LOST PETS

 

We are proud to play an active role in reuniting lost and found pets with their owners in the South Lakeland area. If you choose to phone the surgery (on 01539 721344 or 01539 887988) or drop in with details of your missing pet, or one that you have found, the information will be passed on to local vets, animal charities and Lakeland Radio’s Pet Patrol.

PREVENTING PET LOSS

At Highgate Vets, we are contacted by people with lost pets almost every day and so to help minimise the number of affected pets in the future we’ve put together some tips to help avoid your pet going missing and to help get them home as quickly as possible if the worst does happen.

Identification

Unfortunately, many of the pets that we are told have gone missing do not have any identification to differentiate them from another of the same breed, colouring and gender. This can be easily avoided by taking the steps below.

Microchips

A microchip is ideal identification for both dogs and cats as it is effective for the pet’s lifetime, cannot be easily removed and is specific to the pet. It will become a legal requirement for all dogs to have a microchip by April 2016 and so the Dogs Trust are organising a scheme in association with vets where any dog owner can have their dog microchipped in exchange for a donation. We are currently hosting this scheme and you may make an appointment for a qualified nurse to microchip your dog by phoning us during our office hours.

Microchips are only helpful if the contact details held on the national databases are up to date. All of the microchips we place are uploaded to the Petlog database. To see how to update your pet’s registered details, click here.

Collars and tags

Dogs are legally required to wear a collar and tag with the owner’s name, address and postcode on it in public (under the Control of Dogs Order 1992). It is helpful too to ensure that the owner’s phone number(s) are also on it so that anyone who finds a straying dog can contact the owner quickly and directly. Reflective and light-up collars are available and ideal for dogs to wear when exercised in the dark. They make the dog far easier to see and so may prevent an accident.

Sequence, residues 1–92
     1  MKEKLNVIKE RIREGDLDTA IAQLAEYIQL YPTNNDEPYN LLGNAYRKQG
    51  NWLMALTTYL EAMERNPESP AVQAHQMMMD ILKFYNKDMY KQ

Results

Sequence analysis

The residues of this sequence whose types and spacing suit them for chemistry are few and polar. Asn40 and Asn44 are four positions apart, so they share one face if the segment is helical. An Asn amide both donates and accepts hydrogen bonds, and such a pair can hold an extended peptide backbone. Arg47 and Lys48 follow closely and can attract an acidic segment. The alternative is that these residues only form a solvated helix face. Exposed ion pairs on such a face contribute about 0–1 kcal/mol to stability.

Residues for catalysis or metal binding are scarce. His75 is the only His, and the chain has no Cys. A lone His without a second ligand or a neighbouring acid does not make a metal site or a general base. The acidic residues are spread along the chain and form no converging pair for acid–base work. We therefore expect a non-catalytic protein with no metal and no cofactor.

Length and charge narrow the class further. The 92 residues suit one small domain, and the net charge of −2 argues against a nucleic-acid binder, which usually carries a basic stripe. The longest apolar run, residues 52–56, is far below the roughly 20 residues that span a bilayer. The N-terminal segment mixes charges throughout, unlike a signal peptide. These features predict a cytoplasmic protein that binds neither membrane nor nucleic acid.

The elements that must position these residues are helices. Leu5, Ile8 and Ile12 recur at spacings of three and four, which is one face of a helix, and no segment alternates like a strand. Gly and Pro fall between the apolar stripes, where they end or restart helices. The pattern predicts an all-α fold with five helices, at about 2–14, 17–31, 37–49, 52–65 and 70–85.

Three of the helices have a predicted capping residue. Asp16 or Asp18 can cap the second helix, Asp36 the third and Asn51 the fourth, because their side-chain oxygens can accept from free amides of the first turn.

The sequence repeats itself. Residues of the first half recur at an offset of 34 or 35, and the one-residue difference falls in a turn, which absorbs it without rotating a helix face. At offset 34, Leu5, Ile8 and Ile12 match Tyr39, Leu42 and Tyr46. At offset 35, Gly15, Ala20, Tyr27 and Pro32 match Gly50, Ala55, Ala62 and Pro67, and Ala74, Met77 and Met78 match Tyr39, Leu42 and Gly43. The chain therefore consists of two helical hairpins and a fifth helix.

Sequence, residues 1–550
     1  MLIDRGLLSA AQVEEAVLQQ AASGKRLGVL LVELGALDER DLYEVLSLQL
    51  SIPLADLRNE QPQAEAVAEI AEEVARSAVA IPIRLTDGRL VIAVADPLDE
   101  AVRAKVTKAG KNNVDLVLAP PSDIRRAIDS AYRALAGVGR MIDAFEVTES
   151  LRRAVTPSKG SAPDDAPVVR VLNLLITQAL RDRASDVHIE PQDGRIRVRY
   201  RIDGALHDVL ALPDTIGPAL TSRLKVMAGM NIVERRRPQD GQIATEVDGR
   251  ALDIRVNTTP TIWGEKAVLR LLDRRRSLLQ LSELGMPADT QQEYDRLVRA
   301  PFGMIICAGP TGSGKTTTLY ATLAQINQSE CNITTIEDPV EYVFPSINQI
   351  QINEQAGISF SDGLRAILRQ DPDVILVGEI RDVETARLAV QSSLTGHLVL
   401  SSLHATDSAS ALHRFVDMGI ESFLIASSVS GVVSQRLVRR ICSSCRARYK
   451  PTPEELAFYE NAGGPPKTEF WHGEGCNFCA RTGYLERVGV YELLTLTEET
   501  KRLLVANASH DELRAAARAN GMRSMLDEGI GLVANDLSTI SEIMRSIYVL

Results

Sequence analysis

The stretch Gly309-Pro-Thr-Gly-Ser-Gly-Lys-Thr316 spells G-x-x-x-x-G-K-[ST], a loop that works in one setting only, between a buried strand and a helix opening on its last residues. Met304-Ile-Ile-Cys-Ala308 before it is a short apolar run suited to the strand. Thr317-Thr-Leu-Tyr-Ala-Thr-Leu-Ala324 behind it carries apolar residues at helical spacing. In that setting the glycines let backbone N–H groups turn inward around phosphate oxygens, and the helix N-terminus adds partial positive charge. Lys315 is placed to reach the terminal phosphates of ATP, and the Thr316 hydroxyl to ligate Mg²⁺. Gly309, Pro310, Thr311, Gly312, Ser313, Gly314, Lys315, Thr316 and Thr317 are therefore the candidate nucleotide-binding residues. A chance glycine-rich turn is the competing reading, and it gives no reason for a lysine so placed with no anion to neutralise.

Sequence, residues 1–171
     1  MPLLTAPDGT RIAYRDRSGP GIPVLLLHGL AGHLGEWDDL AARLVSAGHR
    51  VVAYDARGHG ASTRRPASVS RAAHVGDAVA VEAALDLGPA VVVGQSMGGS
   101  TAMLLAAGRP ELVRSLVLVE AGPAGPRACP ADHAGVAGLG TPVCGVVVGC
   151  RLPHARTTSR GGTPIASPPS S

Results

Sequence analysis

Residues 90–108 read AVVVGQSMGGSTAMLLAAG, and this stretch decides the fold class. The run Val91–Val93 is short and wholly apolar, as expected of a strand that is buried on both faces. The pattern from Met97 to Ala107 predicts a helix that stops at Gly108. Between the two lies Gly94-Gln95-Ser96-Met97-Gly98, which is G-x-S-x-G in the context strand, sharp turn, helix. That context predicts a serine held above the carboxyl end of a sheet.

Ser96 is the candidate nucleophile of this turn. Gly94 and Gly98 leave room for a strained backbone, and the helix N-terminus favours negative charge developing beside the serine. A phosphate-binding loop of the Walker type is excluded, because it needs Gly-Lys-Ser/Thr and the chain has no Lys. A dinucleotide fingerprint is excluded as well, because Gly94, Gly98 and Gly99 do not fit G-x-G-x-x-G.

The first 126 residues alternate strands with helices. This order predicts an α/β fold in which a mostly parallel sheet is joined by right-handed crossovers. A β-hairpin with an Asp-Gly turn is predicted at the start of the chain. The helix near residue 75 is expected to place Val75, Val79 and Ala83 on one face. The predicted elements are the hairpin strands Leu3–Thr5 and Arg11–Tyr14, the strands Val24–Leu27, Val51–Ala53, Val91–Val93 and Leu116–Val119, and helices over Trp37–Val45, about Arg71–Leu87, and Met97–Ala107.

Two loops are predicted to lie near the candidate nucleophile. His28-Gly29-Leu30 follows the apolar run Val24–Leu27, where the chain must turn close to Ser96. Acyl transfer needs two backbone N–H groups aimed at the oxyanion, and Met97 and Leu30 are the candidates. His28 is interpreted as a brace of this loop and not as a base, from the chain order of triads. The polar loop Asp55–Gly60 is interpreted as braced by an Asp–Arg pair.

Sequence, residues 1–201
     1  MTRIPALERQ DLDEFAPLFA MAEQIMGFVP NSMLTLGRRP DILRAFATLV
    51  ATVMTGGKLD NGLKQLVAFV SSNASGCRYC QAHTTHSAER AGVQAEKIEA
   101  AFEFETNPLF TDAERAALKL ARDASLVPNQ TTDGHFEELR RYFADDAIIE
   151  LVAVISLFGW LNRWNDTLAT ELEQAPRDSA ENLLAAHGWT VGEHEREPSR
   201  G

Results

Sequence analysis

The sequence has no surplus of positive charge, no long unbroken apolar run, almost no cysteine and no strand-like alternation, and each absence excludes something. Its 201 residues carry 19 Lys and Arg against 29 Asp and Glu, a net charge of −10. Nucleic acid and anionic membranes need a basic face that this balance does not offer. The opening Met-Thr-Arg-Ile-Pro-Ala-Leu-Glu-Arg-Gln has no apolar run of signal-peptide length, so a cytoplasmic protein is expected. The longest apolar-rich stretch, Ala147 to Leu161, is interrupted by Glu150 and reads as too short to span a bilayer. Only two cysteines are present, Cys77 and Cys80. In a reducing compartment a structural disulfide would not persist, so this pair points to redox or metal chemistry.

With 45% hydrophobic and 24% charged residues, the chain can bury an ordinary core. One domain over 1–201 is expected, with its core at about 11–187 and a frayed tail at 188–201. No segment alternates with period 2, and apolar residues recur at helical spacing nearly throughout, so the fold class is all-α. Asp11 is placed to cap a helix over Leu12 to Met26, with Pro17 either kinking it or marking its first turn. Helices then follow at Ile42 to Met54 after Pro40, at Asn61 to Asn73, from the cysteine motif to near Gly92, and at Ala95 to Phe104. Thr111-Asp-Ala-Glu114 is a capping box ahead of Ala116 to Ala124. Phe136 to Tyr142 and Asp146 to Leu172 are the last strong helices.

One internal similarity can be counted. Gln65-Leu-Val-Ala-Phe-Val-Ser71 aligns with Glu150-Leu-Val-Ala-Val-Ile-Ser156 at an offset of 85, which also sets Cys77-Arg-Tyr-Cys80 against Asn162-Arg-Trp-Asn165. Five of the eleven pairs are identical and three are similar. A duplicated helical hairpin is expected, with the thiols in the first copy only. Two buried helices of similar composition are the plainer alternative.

Cats can wear “breakaway” collars that have a clasp designed to give way if they are put under slight pressure, such as the cat becoming caught on something. Some members of the public mistakenly think that cats that don’t wear collars are strays and so may try to return an outdoor cat to it’s owners via rescue shelters or vets, rather than allow it to continue its usual, normal habits.

MINIMISING THE RISKS

Dogs

  • Do not leave dogs tied up outside shops etc unsupervised.
  • Ensure that a dogs collar is properly fitted and so cannot be slipped off.
  • Ensure that your back garden/yard is secure.

Cats

  • Do not allow cats to go outside your home until they are at least 6 months old, microchipped, vaccinated and neutered.
  • Neutered cats are less likely to roam over a large area, so alongside reducing unwanted kittens, and the risk of illness, it makes your cat less likely to stray.
  • If you move house, keep your cat inside at first for at least 2 weeks old and so he/she can become used to their new surrounding before venturing into their new neighbourhood.

Photos – Ensure that you have photos which clearly show a pet’s markings so that they are most helpful in matching up a lost pet to one that has been found. Photos that show as much of the pet’s body as possible are ideal.

Finally, the Dogs Trust Straying Dogs report 2014 states that an estimated 110675 dogs went missing in the UK between April 2013 and March 2014. Only 50% of these dogs were returned to their homes. The total figure does not include dogs that have been returned home without help from the local authorities, such as by a member of the public or though a vets practice, and so the real figure will be much higher. Higher still is the number of cats that go missing each year. Please take steps to help ensure that your pet isn’t one of them.